This book follows Mark, Martha, Katharine and Jane again. But it is in fact the third book in the series. It seems a little confusing at first, why Edward Eager would jump forwards into the future, to introduce Martha’s children in Knight’s Castle, but there is a reason which becomes obvious as you read.
The book is set only three weeks after the events of Half Magic, when the four children go on holiday to a lake house. As it turns out the lake is in fact magic, the children talk about how they wish they had found this magic first instead of the half magic charm they had before. But of course, if they had not, they would not be here now, as they are going on holiday with Mr. Smith from the first book, so it’s continuity really, they had to have the half magic charm to be able to get a whole lake of magic.
“Some Jumblies had appeared, going to sea in a sieve. A walrus and a carpenter danced with some oysters on a nearby shore. In the distance Columbus was discovering America.”
As it turns out, they have not stumbled merely on to a magic lake, but a lake full of magic, which of course, are entirely different things. There is so much magic, the four children think there ought to be rules, so things don’t go as wrong as last time. For example they ask that grown-up’s don’t notice anything magic is going on, so as not to upset their mother as they did before. This also means no grown-ups in the wishes can notice them. They can hear them and half see them, but they never really notice.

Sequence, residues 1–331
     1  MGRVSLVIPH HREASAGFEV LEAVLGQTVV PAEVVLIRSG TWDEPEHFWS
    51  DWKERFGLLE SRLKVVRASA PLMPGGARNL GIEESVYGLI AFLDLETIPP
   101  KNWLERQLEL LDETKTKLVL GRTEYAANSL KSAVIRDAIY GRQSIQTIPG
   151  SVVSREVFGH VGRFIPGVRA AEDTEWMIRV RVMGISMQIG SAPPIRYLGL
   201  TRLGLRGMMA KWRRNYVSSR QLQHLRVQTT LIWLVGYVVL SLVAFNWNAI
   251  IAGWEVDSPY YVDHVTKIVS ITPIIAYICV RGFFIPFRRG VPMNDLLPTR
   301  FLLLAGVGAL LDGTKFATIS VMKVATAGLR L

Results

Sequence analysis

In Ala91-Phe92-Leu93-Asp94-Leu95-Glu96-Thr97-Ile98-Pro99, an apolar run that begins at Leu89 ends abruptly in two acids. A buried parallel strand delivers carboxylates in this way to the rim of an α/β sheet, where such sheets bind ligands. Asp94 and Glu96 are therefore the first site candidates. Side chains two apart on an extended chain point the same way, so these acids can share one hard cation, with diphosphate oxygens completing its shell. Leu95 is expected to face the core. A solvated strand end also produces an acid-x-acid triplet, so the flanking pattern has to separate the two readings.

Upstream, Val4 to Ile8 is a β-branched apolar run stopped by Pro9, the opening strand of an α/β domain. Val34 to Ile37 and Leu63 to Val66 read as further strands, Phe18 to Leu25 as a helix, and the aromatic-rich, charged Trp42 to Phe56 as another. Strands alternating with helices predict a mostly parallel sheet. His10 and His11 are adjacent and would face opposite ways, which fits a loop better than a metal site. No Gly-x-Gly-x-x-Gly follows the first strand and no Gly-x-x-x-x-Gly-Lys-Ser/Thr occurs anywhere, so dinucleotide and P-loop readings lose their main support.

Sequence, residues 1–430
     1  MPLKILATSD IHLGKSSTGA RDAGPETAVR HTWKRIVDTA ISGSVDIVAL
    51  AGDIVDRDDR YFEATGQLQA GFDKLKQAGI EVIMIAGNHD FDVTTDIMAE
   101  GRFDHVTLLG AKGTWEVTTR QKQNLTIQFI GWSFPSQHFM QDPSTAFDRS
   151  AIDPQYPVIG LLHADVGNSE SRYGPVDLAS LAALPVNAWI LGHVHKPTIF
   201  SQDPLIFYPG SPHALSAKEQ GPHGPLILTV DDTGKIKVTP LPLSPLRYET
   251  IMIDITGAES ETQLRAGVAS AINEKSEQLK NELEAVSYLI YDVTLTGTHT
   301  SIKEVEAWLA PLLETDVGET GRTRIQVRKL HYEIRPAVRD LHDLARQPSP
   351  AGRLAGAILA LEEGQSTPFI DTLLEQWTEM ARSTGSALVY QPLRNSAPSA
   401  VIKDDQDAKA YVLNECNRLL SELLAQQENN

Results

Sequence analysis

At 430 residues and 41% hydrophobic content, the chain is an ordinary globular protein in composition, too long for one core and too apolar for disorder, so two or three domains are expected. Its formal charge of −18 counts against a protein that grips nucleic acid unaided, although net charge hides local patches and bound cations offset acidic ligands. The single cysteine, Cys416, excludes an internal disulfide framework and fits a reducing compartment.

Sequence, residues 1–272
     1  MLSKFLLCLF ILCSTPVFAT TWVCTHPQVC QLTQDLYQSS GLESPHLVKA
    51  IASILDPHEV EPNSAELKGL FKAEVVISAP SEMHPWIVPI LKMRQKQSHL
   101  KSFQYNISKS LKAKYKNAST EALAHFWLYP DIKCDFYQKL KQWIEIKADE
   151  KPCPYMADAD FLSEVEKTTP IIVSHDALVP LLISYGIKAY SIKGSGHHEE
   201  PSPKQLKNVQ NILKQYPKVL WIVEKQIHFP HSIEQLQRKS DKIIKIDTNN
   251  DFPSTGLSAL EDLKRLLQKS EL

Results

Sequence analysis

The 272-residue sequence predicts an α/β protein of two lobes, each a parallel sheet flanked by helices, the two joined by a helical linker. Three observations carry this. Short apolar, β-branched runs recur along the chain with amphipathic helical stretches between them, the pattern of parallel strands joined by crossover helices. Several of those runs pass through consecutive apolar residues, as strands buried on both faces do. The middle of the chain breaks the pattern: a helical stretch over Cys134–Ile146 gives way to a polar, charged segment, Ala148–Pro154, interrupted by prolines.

“I don’t like things that live where it’s uninhabited!”
The magic is relatively standard as it seems to last until sunset, which is fine normally, but as the children discover not so good when you are in the South Pole and the sun may not set for weeks!
Martha decides she has had enough of rules and wishes for them all to be broken, they then goes to a desert island, where unfortunately cannibals can now see them all too clearly.
It is here that it becomes obvious why there was a separate book in between introducing Roger, Ann and Eliza as they in fact turn up at the desert island and help free the children – who are in fact their parents, it’s slightly complicated like adventureception, but it’s explained well in the book – Roger, Ann and Eliza, I think are on an adventure from The Time Garden, so I’ll have to see if it’s mentioned in that book when I get to it.
The continuity of these books was one reason I was interested in doing these reviews, so I could find out things I missed at the age of six. This is definitely one of them. Magic by The Lake was not one I remembered being read as child, nor did I remember the connection between the four children of this book and Roger, Ann and Eliza from Knight’s Castle or Time Garden, but now I do, it makes the other books in the series seem much more interesting, as I find out how they connect.